Brandon Williams: You probably haven't heard much or seen much of the Texans A&M cornerback with one year at the position, but teams are in love with his potential. The former running back has very good size, speed and movement skills and evaluators see him as a ball of clay that can be molded into an effective starter with more experience.


While I see this draft as having some decent safety talent near the top, a couple of teams I've spoken with have railed against the position's overall high-end talent and lack of depth.

It's relatively easy to poke a glaring hole in each of the top 10 safeties from ACL injuries, to lack of speed, to lack of production and onto a lack of overall size. If a team wants a potential starter, they might have to grab one inside the first 100 picks.

Teams with greatest need

Top 5 players at the position

1. Karl Joseph: Recovering from ACL tear, but combines ferocious competitive spirit with rare urgency. Has speed and toughness to play high or low.

2. Keanu Neal: Grown man who drives through his targets as a hitter. Better tackler and enforcer than cover man, but for teams looking for a thumper in the box, he's your guy.

3. Vonn Bell: Bell definitely has some fans out there and could end up as one of the top two safeties drafted. Finesse safety known more for coverage than physicality.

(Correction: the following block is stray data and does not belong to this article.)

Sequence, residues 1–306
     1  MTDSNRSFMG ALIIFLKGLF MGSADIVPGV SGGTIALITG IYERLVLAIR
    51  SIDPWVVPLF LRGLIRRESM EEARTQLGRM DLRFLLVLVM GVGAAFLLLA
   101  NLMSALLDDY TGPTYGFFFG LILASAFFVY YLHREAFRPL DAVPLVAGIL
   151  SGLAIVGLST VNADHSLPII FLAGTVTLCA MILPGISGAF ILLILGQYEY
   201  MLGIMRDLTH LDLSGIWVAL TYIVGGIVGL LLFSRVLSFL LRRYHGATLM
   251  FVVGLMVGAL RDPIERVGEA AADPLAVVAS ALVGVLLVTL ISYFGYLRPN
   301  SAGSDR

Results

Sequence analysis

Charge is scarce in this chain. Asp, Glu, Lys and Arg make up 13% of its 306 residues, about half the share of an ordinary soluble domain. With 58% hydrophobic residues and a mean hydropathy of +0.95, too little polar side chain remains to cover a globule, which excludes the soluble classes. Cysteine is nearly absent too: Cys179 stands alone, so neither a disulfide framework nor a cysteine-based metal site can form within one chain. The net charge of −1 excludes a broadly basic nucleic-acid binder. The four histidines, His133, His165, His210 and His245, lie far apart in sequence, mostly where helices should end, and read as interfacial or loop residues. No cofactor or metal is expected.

4. T.J. Green: Flying up the draft boards. Some teams see him as a slot corner. Green tested like a madman and teams are willing to take the athlete and ignore average tape.

5. Miles Killebrew: All about business. Quiet but assertive as a hitter. Killebrew is a little stiff and has limitations in coverage, but he plays the game like an NFL box safety already.

Sources Tell Us

"He's not special, but he's solid. I needed to go see him in person because he looked so small on tape and he looks the same in person. You can't play him around the line of scrimmage, but he's got instincts in coverage." -- AFC scout on Ohio State's Vonn Bell

Most overrated

Jayron Kearse: Absolutely awful tape in too many games. Unusual height (6-4) for the position makes him a novelty, but doesn't play to his talent or athleticism and ends up out of position far too often.

Most underrated

DeAndre Houston-Carson: A safety who has experience at cornerback, Houston-Carson grabbed seven interceptions over the last two seasons and blocked four punts in 2014. Will step in and immediately contribute as a special-teams ace and might become a starter within the first couple of seasons.

Boom or bust

Darian Thompson: He didn't run or test as well as teams expected and his tape shows a lack of awareness at times. However, it would be foolish to ignore his ridiculous production with 19 career interceptions.

Sleeper alert

Marqui Christian: Small-school hitter who has the attention of teams as a Day 3 (Rounds 4-7) diamond. Christian has played as a single-high safety, but could be used as an interchangeable safety. Will come into the league as a backup, but could become a starter.

Follow Lance Zierlein on Twitter @LanceZierlein.